Monday, August 27, 2012

Neil Armstrong

When my book first came out, I was lucky enough to chat (through email) with the real nephew of Neil Armstrong. He told a story about his uncle helping a woman whose car broke down in a store parking lot in Wisconsin. At some point, the woman noticed that the man underneath the hood of her car looked familiar. When she mentioned to him that he resembled Neil Armstrong, he quipped, "Yeah. I get that a lot".

I suspect that the woman went home, put her food in the frig, and over dinner told her family about the nice man who helped her in the parking lot. She might have even mentioned that he looked like the first man to walk on the moon.

Neil Armstrong called himself a "nerdy engineer". He probably hated being called a "hero" and reminded people that thousands of people worked to make that great moment happen. But on July 20, 1969, it was Neil Armstrong who took the controls of the lunar lander, known as the Eagle. When it became apparent that the automatic pilot was going to set the Eagle down in an area filled with giant boulders and craters, Neil Armstrong flew it manually. With only a minute of fuel left, he searched for a safe place to land. Back on earth in Mission Control the atmosphere was so tense that famed Flight Director Gene Kranz told the Flight Communicator Charlie Duke  "You’d better remind them there ain’t no damn gas stations on the moon."  Even with all those years of planning and all that hard work from thousands of people in private companies and government agencies, there nothing Mission Control could do. It was all in the hands of one man.

Along with the rest of the world, Mission Control waited.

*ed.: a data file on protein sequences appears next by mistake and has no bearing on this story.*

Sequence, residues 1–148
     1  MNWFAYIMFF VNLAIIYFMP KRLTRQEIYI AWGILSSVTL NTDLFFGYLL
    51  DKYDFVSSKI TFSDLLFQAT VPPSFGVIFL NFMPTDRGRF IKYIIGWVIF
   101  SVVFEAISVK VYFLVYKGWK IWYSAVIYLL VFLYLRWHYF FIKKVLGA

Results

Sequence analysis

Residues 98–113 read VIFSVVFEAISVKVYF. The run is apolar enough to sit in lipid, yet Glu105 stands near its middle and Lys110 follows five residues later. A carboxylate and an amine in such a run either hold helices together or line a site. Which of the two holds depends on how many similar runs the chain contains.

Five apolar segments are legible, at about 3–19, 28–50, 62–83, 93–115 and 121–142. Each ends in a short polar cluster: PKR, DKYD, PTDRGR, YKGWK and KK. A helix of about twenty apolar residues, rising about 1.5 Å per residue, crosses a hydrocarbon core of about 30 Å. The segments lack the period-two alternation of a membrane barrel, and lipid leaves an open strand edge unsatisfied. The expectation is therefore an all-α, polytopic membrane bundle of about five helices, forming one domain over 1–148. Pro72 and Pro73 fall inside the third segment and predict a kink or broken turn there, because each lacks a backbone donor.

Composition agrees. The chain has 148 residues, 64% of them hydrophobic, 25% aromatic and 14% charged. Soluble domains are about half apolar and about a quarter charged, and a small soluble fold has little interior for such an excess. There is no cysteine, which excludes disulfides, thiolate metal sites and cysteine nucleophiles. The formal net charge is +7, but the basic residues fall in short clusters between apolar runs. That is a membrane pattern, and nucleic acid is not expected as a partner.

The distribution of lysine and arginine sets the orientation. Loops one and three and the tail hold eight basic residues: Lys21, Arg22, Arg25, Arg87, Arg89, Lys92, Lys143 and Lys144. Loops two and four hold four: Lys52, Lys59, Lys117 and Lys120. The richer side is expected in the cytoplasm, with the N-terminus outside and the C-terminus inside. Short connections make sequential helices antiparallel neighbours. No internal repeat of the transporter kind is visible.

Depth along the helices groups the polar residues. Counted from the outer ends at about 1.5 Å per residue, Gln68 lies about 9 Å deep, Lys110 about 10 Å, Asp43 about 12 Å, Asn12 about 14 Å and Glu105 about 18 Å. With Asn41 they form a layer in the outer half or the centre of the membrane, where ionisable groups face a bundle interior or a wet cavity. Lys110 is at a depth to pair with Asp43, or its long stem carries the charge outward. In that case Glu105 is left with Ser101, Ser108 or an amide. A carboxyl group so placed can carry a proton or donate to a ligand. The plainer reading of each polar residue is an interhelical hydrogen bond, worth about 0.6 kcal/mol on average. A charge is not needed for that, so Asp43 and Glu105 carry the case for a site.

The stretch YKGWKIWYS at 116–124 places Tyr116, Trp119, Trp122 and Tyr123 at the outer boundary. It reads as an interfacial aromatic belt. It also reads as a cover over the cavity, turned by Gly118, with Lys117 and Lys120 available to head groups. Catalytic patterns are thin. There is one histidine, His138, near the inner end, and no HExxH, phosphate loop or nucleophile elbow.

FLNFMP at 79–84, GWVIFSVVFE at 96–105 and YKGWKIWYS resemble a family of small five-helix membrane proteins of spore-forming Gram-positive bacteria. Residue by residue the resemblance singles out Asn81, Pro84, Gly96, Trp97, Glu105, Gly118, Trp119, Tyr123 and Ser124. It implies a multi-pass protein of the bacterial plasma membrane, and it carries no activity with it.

With only twenty seconds of fuel left, the lunar lander touched down. Neil Armstrong calmly announced "the Eagle has landed."

The world cheered.
A few hours later, that "nerdy engineer" took that first historic step.

Here's part of the statement from Neil Armstrong's family:

"...While we mourn the loss of a very good man, we also celebrate his remarkable life and hope that it serves as an example to young people around the world to work hard to make their dreams come true, to be willing to explore and push the limits, and to selflessly serve a cause greater than themselves.

For those who may ask what they can do to honor Neil, we have a simple request. Honor his example of service, accomplishment and modesty, and the next time you walk outside on a clear night and see the moon smiling down at you, think of Neil Armstrong and give him a wink.”

Tuesday, August 21, 2012

In this post, I ask debut author Nikki Loftin sinisterly hard questions

In her debut middle grade book The Sinister Sweetness of Splendid Academy Nikki Lofin has managed to combine all of my favorite things: candy, some dark humor, a great story, lovely writing, a school with a rock climbing wall and did I mention candy?

Here’s the publisher’s blurb:
Lorelei is bowled over by Splendid Academy--Principal Trapp encourages the students to run in the hallways, the classrooms are stocked with candy dishes, and the cafeteria serves lavish meals featuring all Lorelei's favorite foods. But the more time she spends at school, the more suspicious she becomes. Why are her classmates growing so chubby? And why do the teachers seem so sinister?
It's up to Lorelei and her new friend Andrew to figure out what secret this supposedly splendid school is hiding. What they discover chills their bones--and might even pick them clean!